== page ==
MOSCOW: It is impossible to do justice to that moment at Luzhniki Stadium when Igor Akinfeev saved Iago Aspas’ penalty, but one has to try nonetheless. The roar that echoed through Moscow was one of jubilation and at the same time, a release of pent-up frustration. A thousand flags were waved and even more clenched fists were shaken at whoever its owners thought were enemies. “Ra-Si-Ya”, shouted Luzhniki in unison. On the field, Sergio Ramos — who had celebrated Spain’s only goal of the game, a Sergey Ignashevich own goal in the first half, as if it was his own — had his face in his hands.
The home team, clad in their white away jersey, dived on the grass that had just been moistened by a sudden burst of rain. Their target was Akinfeev, a man whose blunder in the Brazilian city of Cuiaba had cost them three points against South Korea, sending them out of the World Cup four years ago. On Sunday, the rain that fell on him, as he first dived to his right to save Koke’s penalty and then stuck out his left foot to deny Aspas, was one that washed away all his previous sins. If Vladimir Putin called an election on Monday, he would still win, but Akinfeev would probably come to a lot closer than most of his previous opponents. As for Spain, the less said, the better.
For many of their players, Akinfeev’s final save must have served as the snap that woke them up from the twisted nightmare that this tournament had been for them. Things started going horribly wrong for Spain even before this event started. Their manager Julen Lopetegui packed his bags a day before the opener, him and Real Madrid — ironically the club favoured by Spanish nationalists — chose to go public with the news he had agreed to replace Zinedine Zidane.
In came, Fernando Hierro whose experience as a full-time manager was a single season with Real Oviedo in the Spanish second division. That showed as they were held to a stalemate by Cristiano Ronaldo, narrowly squeaked past Iran before being denied all three points by Morocco. Yet they still managed to finish top of the group and were given the easy route to the semifinals. It was evidently not easy enough.
A particularly mind-numbing passage of play summed up their night on Sunday. It was the second period of extra time and experienced defender Gerard Pique, who conceded the penalty that landed them in this predicament, had the ball. He passed it to fellow defender Dani Carvajal, who did not have any particular use for the ball and duly returned it to Pique. He then tried passing it to his Barcelona teammate Jordi Alba, who chose to mix things up a bit by getting it out of defense, with Sergio Busquets being the recipient this time.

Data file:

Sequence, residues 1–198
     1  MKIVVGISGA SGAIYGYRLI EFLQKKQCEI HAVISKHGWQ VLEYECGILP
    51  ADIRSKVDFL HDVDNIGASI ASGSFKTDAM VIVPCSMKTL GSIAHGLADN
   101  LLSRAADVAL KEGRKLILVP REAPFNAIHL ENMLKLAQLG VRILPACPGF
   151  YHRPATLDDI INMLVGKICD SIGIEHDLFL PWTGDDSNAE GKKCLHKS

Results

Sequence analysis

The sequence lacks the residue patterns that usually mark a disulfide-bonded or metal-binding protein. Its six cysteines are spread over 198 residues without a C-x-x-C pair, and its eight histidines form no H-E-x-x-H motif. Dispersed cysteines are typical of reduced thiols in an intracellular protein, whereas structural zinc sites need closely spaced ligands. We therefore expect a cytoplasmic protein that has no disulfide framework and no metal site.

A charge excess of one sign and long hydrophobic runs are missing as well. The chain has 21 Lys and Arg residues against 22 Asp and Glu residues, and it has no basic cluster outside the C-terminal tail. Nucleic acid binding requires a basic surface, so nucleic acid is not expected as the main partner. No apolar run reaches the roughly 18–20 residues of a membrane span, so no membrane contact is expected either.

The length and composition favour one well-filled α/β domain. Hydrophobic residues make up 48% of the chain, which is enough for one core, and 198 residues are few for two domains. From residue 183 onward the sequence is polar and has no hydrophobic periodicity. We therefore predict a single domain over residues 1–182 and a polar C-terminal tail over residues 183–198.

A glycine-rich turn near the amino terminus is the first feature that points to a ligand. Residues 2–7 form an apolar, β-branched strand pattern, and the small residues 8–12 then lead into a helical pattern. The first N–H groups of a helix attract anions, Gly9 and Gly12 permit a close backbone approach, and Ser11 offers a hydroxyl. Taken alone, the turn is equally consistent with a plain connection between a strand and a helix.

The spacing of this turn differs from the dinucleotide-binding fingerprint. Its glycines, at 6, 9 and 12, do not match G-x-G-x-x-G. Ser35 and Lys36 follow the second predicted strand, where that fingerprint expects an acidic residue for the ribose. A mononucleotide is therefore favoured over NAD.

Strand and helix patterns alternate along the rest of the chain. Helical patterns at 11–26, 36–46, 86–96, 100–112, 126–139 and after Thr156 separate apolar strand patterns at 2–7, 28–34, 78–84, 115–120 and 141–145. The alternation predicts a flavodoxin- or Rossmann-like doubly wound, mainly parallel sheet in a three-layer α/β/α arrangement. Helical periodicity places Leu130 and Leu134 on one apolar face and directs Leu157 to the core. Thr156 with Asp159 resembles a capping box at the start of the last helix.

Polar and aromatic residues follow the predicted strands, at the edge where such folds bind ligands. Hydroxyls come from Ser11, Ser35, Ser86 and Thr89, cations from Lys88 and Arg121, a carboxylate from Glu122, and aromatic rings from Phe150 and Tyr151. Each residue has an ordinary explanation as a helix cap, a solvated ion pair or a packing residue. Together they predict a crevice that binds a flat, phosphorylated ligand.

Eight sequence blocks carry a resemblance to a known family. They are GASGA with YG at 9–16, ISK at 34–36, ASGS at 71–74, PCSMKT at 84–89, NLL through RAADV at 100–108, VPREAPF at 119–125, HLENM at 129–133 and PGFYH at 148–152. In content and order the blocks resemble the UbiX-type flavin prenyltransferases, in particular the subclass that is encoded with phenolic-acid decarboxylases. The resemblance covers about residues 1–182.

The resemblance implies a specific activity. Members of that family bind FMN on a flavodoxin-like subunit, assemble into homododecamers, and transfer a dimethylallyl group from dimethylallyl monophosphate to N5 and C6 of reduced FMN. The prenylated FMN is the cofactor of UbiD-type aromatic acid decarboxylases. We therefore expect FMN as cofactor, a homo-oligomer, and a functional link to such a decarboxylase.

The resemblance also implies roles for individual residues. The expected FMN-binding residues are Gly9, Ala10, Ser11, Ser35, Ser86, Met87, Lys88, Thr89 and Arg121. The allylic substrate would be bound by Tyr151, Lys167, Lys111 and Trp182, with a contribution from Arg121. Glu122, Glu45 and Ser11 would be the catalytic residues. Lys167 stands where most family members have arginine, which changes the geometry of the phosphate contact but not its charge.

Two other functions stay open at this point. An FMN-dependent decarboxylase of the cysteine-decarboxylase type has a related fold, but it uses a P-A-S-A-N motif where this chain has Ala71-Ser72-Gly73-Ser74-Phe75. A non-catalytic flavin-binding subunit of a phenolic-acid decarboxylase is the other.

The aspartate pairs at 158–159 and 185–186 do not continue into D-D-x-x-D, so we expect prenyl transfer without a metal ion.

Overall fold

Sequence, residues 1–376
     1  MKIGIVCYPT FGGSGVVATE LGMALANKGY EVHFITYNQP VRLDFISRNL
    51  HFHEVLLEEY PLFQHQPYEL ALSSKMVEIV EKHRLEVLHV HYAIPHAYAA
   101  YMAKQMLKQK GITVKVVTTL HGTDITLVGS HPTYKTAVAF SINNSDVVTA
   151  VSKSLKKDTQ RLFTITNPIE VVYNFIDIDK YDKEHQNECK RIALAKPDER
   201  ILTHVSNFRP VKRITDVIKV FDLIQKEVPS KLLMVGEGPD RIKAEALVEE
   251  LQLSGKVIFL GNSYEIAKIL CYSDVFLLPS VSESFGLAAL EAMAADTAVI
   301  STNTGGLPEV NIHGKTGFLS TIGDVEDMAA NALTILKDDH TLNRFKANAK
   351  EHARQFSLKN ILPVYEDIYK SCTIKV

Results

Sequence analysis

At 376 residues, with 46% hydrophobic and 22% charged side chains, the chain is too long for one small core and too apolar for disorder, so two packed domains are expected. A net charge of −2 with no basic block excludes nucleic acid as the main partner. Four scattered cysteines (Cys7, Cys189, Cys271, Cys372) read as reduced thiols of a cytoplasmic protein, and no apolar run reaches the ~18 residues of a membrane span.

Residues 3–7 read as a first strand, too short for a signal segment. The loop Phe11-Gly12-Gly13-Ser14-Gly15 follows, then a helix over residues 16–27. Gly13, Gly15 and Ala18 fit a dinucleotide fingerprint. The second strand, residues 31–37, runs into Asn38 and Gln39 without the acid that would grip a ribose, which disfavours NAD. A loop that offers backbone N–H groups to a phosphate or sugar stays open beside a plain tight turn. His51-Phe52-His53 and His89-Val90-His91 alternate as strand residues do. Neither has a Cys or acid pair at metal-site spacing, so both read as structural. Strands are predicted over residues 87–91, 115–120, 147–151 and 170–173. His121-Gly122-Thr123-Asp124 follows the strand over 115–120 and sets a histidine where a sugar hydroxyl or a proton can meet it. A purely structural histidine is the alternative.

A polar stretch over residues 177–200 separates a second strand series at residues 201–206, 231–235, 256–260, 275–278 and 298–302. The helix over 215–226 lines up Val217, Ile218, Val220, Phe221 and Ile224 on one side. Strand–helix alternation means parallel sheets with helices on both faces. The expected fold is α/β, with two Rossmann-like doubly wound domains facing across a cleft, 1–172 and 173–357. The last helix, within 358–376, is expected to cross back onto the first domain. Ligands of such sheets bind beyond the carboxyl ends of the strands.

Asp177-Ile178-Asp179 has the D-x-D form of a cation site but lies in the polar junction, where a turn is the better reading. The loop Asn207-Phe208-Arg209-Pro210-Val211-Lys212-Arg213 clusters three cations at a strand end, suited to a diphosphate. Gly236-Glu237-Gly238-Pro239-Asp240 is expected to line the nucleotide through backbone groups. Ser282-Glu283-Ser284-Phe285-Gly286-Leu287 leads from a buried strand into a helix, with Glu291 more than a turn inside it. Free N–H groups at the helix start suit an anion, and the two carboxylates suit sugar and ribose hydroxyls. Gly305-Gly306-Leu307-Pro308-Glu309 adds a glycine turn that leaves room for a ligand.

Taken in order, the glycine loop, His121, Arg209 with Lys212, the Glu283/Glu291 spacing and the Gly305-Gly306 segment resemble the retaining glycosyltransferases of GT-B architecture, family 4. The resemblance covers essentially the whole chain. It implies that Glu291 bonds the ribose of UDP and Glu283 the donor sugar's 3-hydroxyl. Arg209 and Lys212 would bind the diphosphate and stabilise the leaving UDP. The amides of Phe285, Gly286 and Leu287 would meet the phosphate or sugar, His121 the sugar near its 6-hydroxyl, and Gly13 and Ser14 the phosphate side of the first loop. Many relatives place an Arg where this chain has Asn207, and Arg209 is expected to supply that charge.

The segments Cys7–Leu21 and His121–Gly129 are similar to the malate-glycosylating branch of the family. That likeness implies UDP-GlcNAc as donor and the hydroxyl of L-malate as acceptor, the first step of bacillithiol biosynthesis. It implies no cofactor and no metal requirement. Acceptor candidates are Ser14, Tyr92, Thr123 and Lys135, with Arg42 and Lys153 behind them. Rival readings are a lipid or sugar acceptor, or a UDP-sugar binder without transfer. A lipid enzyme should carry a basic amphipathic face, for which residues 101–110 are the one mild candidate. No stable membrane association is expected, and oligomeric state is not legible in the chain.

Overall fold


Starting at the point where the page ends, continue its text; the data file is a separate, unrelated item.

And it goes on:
Busquets tried launching an attack by giving it to one of their more creative players, Isco, who had been pretty ineffective all game. He pinged it to Carvajal, who was now making a run and the defender found fellow substitute, Rodrigo. The latter, seeing no options ahead of him, tried going sideways to Jordi Alba, who gave it to Koke, who then gave it to Andres Iniesta. The Barcelona man, presumably as bored as everyone else at watching this unending conveyer belt of pointless passes, chose to take a shot despite the fact that there were two defenders blocking his view of the goal.
The ball duly took a heavy deflection and bounced gently to Akinfeev. Whoever wrote the algorithm for the Spanish team for this game, and indeed the entire tournament did a shoddy job. Pass, pass, pass, pass, pass, lose the ball, win the ball back, and repeat. It was a poorly planned siege that the Russians withstood without too much trouble, their tired legs being roared on by a voracious home crowd. One of the main Western complaints with Russians is that they don’t smile much. But, no one was complaining about that today.